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Feeling festive, you decide it's time to put up the lights. You dig out the box and plug a strand in. Uh oh, they are all the same color. This won't work, these are supposed to be multiple colors and broadcast your magnificence of exterior illumination skills! Now you have a hundred strands of 20 lights all the same blue color. Another glance in the box reveals a letter.

Hello future me! This is past you talking...or writing... Anyway, you know how we like puzzles? Well further-past you thought it would be funny to reset all the lights to the same color. I managed to figure it out with help from the manual and decided I should repay the favor. Unfortunately, that manual has been... misplaced. Here's what you need to know, though.

Each strand of 20 lights is wired like a 5x4 grid, and each bulb can be either blue, red, purple, or green. However, when you change the color of 1 bulb, the adjacent ones in the grid will cycle to the next color as well. The good news, though, is that this doesn't seem to wrap around. Good luck future me!

"I really hate you past me", you mutter to yourself as you examine the lights. You change the color of the 1st light and the 2nd and 6th lights also change to red. You change it again, and the same three become purple. Cycle again makes them green, and one last time brought them back to blue. Just to make sure, you cycle through the colors of the 7th light and notice the 2nd, 6th, 8th, and 12th lights follow suit.

"Alright, I can do this", you encourage yourself. You decide you want the lights to alternate the length of the strand (blue, red, purple, green, blue, ...) The problem is, you need a quick strategy to do this so you're not wasting all day doing it for your hundred strands. You grab a pen and paper to write down steps and get to work...

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  • $\begingroup$ Is each strand wired the same way? That is, if I change the 1st light on a different strand, it will affect the 2nd and 6th on that one too? $\endgroup$ – user812786 Dec 28 '16 at 21:27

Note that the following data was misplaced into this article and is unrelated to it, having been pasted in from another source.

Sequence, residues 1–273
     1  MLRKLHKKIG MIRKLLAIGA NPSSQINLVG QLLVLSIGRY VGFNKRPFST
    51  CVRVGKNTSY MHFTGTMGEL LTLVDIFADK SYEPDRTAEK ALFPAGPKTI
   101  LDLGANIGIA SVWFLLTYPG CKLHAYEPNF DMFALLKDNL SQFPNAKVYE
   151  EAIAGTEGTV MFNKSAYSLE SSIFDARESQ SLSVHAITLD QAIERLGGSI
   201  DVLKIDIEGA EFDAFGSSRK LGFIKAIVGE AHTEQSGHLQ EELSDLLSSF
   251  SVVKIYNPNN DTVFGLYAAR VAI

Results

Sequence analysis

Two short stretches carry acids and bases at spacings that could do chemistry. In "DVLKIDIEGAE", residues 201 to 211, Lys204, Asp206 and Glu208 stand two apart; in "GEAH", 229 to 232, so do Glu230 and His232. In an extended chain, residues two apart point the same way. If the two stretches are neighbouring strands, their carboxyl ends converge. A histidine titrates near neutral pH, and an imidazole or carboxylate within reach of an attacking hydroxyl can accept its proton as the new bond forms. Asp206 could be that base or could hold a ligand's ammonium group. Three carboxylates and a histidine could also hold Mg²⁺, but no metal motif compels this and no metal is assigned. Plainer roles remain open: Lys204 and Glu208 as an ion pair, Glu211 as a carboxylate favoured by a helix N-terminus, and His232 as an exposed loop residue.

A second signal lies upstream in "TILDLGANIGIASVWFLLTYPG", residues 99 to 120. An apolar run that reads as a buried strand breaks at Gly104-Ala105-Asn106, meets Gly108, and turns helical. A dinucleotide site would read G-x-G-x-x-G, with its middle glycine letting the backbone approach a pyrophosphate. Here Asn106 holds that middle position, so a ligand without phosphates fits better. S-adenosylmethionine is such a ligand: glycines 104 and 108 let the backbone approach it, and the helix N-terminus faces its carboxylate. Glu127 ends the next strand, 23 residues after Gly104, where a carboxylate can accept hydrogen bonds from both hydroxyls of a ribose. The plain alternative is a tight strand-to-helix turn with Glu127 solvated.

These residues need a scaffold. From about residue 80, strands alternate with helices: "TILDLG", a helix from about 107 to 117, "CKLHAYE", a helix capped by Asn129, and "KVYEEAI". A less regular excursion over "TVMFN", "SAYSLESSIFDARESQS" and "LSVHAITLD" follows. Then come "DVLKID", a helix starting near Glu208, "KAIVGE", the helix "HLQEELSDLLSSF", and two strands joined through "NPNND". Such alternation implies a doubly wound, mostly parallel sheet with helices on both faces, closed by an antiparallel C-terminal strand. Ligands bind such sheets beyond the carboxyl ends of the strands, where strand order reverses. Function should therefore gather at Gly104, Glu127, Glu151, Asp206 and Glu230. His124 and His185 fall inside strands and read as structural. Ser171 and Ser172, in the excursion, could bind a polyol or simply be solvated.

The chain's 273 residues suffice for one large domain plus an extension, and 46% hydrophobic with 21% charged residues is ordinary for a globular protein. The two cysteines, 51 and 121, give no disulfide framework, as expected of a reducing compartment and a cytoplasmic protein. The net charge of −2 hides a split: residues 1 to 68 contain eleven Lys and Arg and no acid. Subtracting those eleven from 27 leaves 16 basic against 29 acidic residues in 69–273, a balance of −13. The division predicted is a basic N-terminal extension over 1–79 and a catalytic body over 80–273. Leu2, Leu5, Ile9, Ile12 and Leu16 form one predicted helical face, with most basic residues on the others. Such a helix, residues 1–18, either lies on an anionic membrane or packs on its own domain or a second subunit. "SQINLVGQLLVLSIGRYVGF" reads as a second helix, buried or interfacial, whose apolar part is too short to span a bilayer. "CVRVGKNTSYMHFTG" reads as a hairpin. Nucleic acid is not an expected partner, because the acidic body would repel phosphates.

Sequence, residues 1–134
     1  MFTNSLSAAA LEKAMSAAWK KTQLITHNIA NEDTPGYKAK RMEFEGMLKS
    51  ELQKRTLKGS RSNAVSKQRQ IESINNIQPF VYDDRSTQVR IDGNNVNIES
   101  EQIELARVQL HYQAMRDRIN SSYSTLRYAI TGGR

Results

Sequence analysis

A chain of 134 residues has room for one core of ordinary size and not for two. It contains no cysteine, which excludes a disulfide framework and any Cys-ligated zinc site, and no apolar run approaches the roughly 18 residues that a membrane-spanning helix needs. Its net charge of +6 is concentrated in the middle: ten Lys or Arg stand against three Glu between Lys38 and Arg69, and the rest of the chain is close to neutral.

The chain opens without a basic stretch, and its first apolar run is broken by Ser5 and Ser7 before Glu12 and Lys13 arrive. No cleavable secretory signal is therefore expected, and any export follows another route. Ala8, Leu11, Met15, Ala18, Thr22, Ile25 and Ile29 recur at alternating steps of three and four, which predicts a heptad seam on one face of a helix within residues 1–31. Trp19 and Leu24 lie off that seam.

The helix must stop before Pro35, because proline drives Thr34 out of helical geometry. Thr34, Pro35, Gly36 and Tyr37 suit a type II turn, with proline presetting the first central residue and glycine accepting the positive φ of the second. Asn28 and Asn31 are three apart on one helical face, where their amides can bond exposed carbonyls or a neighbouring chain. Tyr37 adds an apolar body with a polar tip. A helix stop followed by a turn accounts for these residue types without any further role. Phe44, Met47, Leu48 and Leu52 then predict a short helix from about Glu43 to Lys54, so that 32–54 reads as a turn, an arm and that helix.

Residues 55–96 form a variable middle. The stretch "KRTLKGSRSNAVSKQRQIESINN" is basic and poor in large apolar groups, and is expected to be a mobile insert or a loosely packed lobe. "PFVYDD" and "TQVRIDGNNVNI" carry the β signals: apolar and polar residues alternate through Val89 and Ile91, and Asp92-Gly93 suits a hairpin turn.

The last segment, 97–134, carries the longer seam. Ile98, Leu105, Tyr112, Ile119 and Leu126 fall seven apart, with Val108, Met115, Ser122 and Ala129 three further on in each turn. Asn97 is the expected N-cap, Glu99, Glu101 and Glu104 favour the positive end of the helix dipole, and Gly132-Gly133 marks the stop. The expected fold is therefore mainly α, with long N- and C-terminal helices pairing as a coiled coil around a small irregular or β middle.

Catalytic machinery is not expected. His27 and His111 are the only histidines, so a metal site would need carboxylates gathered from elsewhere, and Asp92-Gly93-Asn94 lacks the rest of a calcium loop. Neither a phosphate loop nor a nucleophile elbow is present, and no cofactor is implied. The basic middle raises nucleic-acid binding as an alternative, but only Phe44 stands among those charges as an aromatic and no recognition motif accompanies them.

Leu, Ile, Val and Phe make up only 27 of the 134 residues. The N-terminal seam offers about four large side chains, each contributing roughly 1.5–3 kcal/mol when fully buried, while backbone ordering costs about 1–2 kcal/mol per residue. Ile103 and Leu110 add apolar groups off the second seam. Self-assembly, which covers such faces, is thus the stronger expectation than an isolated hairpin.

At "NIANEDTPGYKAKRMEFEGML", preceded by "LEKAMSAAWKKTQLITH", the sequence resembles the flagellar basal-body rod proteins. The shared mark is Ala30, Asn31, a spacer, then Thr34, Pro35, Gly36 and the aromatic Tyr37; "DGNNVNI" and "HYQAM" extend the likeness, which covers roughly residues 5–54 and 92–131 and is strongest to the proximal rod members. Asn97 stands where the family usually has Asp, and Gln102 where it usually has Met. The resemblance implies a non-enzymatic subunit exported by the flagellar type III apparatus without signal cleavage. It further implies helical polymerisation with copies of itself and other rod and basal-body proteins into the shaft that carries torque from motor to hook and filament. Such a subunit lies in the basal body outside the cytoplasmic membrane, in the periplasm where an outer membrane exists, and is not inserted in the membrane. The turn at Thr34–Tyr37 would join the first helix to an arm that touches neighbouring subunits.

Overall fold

• $\begingroup$ @whrrgarbl Each strand is identical and stands alone. So yes, the 1st light on a strand also affects the 2nd and 6th on that strand, but only that strand. No light will affect a light on a different strand. $\endgroup$ – David Starkey Dec 28 '16 at 21:30
  • $\begingroup$ Are we allowed to use a computer program? $\endgroup$ – Wen1now Dec 29 '16 at 1:58
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I believe it's

0 3 3 1 2
1 3 3 1 1
1 0 1 2 1
0 2 2 0 2

where the answer is expressed like this:

A B C D E
F G H I J
K L M N O
P Q R S T

where A represents the first light, B the second and so on. If a light X is pressed n times then the letter X is n. For example in my solution light 1 is pressed 0 times, light 2 is pressed 3 times, light 12 is not pressed, etc.

Background (Step 1):

So obviously this is a mod 4 question, as the cycles have length four. Furthermore pressing a button four times has no net effect. Also it does not matter which order the buttons are pressed in. Therefore we can reduce this down to an 4x5 array where each number is in the set [0,1,2,3].

Step 2:

Now the top row can be anything, but it fully dictates what the second row is. So we only need to bash out all the cases for the top row. Utilising a computer program (Python) I bashed out all the cases.

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  • $\begingroup$ +1 for correctness and creativity. But rather than a brute force solution, is there a mathematical or proof-based approach? $\endgroup$ – MikeQ Dec 29 '16 at 5:36
  • $\begingroup$ The Lights Out puzzle is basically Linear Algebra (jaapsch.net/puzzles/lomath.htm#linalg). Instead of brute forcing all possibilities for the top row, you can look what effect a single top-row move has on the bottom row if you try to keep the other rows unchanged, and then see what linear combination of top-row moves does what you need. For that you need to solve a set of linear simultaneous equations (mod 4), which can be done by inverting a matrix. $\endgroup$ – Jaap Scherphuis Dec 29 '16 at 7:43
  • $\begingroup$ BTW, the grid is 4x5 so it is easier to consider a length 4 side to be the top row. This makes for fewer possible states to check than if you used the long side at the top, and if you're doing it by linear algebra, fewer equations or a smaller matrix to invert. $\endgroup$ – Jaap Scherphuis Dec 29 '16 at 7:48
  • $\begingroup$ @MikeQ Bonus question: given a 4x5 array of integers, is it always possible to find a sequence? Extension $\endgroup$ – Wen1now Dec 29 '16 at 12:09

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